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Stemilt opens new hi-tech cherry line




By DAN WHEAT


Capital Press


WENATCHEE, Wash. -- Stemilt Growers Inc. dedicated a new, state-of-the-art cherry packing line in Wenatchee on June 14, enabling it to sort and size cherries faster and more accurately to save growers money.


The heart of the system are two, GP Graders, manufactured in Victoria, Australia. Each receive 10 lanes of individual cherries. The graders very quickly take 30 images of each cherry and virtually instantaneously diagnose them internally and externally to sort by size, color and firmness.


"We've been tracking this technology for over five years and feel that it's finally ready. It's an exciting addition and we believe it will help us improve returns to the land while reducing sorting costs," said West Mathison, Stemilt president.


He and other company officials would not disclose the project's cost. The company is the largest sweet cherry packer in the world. It packed 3.4 million, 20-pound boxes of cherries last year in Washington and another 785,000, 18-pound boxes in California.


While there are a few earlier-generation, high-tech cherry sorters in the state and one other new one coming on line at Gebbers Farms in Brewster, none of them have all the features of the new Stemilt line, said Jay Fulbright, vice president of operations and special projects.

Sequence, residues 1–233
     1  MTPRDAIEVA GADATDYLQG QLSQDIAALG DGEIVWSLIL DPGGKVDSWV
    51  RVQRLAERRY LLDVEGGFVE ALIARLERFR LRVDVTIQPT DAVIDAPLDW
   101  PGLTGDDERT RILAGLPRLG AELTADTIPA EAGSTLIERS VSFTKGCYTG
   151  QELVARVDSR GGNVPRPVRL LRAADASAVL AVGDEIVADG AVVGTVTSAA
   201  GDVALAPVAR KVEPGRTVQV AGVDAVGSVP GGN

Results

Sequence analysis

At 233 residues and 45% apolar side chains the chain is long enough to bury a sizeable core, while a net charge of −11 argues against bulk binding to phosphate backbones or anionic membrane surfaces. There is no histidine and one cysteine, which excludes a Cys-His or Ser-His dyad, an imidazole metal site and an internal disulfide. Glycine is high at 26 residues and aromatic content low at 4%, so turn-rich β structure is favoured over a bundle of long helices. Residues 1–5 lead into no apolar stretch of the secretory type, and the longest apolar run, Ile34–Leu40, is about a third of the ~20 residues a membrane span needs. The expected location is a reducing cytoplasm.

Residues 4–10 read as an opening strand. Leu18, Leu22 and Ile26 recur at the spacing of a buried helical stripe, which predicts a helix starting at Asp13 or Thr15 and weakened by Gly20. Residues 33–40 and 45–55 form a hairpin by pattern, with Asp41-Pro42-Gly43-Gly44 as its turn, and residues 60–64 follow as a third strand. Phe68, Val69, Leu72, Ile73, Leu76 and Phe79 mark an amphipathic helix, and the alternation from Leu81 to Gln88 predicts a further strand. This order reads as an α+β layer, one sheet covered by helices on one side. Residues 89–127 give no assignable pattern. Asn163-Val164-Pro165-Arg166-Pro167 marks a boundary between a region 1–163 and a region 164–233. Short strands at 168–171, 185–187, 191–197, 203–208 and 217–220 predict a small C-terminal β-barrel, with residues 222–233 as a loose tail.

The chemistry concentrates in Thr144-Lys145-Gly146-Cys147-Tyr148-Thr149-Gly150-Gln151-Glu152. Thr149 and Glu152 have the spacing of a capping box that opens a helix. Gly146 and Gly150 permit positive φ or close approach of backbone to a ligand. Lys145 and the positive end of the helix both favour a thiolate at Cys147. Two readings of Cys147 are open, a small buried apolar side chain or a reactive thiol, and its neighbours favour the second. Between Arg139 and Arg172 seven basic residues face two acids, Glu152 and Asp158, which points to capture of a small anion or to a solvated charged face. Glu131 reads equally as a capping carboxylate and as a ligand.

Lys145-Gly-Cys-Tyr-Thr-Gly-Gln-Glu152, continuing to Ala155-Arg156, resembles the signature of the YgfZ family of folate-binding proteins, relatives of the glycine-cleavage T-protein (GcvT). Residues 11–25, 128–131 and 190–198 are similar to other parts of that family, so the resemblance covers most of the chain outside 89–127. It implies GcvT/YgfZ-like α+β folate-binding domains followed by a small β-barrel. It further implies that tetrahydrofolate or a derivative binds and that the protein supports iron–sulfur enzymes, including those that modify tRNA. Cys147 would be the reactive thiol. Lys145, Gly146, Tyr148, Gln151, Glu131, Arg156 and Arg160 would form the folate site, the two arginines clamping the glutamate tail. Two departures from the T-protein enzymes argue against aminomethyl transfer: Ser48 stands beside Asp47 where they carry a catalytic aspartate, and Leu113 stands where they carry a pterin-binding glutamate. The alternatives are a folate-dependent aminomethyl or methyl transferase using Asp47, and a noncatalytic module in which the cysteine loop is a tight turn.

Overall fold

More than 200 people attended the Stemilt dedication, lunch and tour highlighted by a speech by Mathison and a ribbon-cutting with him, his brother Tate, a national sales team leader, their father Kyle, owner and vice president of research and development, and Kyle's mother, Lorraine, who cut the ribbon.


"It was 100 years ago this month, in 1914, that my great-great grandfather Thomas Cyle Mathison harvest his first commercial cherry crop," West Mathison said in his remarks.


"He had settled in the late 1800s and had found fortuitous luck growing cherries in the micro climate of Stemilt Hill," Mathison said.


In 1964, his grandfather, Thomas Kyle Mathison, founded Stemilt Growers with "a passion" to improve the "dessert eating experience" of the fruit, a vision that is being continued today, he said.


He closed his remarks thanking God and introducing the Rev. Myron Vierra of Wenatchee's Living Hope Church, who read scripture and gave a prayer of blessing.


"Bless all who work at this packing line and keep them safe and help them to see themselves as working for the common good and to find joy in contributing to the progress of life on this earth," he prayed.


Mathison's father, Kyle, likened the new line to a bride, noting they look beautiful on the first day but how they pull through in tough times is what counts.


He noted similar high-tech cherry lines in Chile have saved 40 to 60 percent in labor.


"World famous fruit (the company slogan) is not a destination, it's a journey. This will revolutionize our industry," he said.


The new line was not run during the dedication but was ran for two hours the day before and was to be run after guests left.



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